Chicago’s film festival institutions are hardly autumnal: The Chicago International Film Festival turns fifty-nine; Chicago Underground is thirty this year; and Reeling? Forty-one. Tuck into 130 years of tasty institutional memory this fall.
Bryan Wendorf, artistic director of the Chicago Underground Film Festival, has just turned sixty and has been looking back, but also forward as the scrappy effort, the oldest underground festival in the world, turns thirty, pivots to its own nonprofit status, and makes a move from its ten-year home at Logan Square’s Logan Theatre to the newly refurbished 107-year-old Harper Theater in Hyde Park.
This week: “Theater Camp” at Facets; “Road House,” “Computer Chess,” “Spartacus,” “Paths Of Glory” and “Heathers” at Drafthouse; Chicago Film Society presents “Body and Soul”; “Werckmeister Harmonies” and a ten-film “Contra/Banned” series at Siskel; “That Boy,” “Witness For The Prosecution,” “Rotting In The Sun” and “Fremont” at Music Box. Plus Chicago Underground starts on Wednesday.
At press time, the studios had not yet made counter-offers to the demands of striking actors and writers; the fall movie season and beyond is more unpredictable than any time since the pandemic began.
This week: “Between Two Worlds” at Landmark Century; “The Wicker Man: The Final Cut” and “Full Metal Jacket” at Drafthouse; ten-film “Contra/Banned” series at Siskel; “Fresh Films: A Celebration of Fifty Years Of Hip Hop” series, plus “Sabrina,” “Perfect Blue,” “The Room,” “Oppenheimer,” “The Texas Chainsaw Massacre 2,” “Josie and The Pussycats,” “The Age Of Innocence,” “Perpetrator” and “Sorcerer” at Music Box.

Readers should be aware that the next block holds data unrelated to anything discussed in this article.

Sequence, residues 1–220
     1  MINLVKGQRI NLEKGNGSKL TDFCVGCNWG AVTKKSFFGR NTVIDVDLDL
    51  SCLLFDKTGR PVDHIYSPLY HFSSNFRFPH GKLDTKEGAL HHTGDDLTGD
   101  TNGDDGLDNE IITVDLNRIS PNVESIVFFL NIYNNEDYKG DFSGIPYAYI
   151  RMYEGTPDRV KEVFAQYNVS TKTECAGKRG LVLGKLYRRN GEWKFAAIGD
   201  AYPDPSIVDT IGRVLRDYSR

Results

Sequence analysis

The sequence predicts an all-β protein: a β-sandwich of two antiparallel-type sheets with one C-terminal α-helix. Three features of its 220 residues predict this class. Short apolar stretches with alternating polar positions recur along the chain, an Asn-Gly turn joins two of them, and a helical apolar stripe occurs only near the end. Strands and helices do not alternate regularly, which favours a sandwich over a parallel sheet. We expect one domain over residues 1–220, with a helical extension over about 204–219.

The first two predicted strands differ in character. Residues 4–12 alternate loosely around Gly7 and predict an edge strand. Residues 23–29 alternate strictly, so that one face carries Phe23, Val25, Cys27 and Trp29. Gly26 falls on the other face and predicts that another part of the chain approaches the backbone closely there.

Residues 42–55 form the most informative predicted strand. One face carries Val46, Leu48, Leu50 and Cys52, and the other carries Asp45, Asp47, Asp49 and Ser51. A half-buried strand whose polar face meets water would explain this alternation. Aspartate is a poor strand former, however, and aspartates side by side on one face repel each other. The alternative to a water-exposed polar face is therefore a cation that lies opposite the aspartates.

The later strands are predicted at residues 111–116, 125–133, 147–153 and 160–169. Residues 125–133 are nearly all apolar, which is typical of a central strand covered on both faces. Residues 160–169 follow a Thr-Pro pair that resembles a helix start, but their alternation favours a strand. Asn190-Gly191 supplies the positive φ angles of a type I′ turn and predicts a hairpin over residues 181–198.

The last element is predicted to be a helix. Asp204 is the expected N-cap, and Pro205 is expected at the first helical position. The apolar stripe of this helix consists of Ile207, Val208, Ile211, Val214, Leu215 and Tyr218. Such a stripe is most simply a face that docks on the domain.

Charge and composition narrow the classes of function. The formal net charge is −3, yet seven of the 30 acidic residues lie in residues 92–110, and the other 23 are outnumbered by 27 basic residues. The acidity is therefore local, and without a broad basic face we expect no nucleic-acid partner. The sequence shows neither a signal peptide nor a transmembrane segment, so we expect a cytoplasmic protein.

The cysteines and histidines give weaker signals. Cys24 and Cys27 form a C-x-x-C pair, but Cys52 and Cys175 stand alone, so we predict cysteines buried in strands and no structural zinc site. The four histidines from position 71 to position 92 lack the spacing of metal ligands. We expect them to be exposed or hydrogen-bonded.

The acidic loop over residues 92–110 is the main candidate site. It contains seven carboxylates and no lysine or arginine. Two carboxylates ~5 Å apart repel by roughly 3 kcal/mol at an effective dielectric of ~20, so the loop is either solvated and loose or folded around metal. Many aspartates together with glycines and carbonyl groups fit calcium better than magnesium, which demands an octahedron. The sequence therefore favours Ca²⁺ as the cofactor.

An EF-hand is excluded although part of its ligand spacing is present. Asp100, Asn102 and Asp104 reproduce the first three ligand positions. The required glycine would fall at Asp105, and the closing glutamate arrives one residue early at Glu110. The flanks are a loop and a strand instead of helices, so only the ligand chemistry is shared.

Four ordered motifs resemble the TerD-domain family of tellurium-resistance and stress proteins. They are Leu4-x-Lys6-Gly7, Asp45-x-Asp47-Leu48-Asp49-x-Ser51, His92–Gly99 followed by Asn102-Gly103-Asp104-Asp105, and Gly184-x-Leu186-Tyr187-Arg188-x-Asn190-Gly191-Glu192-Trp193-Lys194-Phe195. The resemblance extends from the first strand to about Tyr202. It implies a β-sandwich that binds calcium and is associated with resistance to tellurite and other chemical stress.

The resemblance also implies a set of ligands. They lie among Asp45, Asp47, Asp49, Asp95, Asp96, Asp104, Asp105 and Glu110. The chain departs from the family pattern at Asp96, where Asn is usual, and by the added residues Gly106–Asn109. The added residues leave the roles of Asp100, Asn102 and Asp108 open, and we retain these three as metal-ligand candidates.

A maker of hard-to categorize films, William Friedkin forged a career in his own way, fueled by arrogance, boastfulness, bravado, confidence, self-assurance and moral questioning, a Chicago working-class autodidact who grew up poor in Uptown.
High school is but a scream. Veteran Chicago filmmaker Jennifer Reeder’s fourth feature, fearless pop-art freakout “Perpetrator,” is a seriously bloody and bloody serious coming-of-age dream-drama-comedy.
This week: National Cinema Day on Sunday, plus “Living End” at Facets; “Wet Hot American Summer” at Drafthouse; “Passages” and “The Eternal Memory” at Siskel; “Perpetrator” and “Noir City Chicago” at Music Box; and news on some of the fall’s upcoming series and festivals.
This week: “Pee-Wee’s Big Adventure” at Landmark; “Where The Wild Things Are” at Drafthouse; Nightingale Projects’ “The Root and the Harvest,” “The Adults” and “The Unknown Country” at Siskel; “Titanic” at Chicago Film Society; “Oldboy” and “Ferris Bueller’s Day Off” at Music Box.
This week: “With This Light” at Wayfarer in Highland Park; “Once Upon a Time … in Hollywood” at Doc Films; “Valley Girl” at Drafthouse; “Missing” and “Bobi Wine: The People’s President” at Siskel; “Mad Max: Fury Road” and “Passages” at Music Box.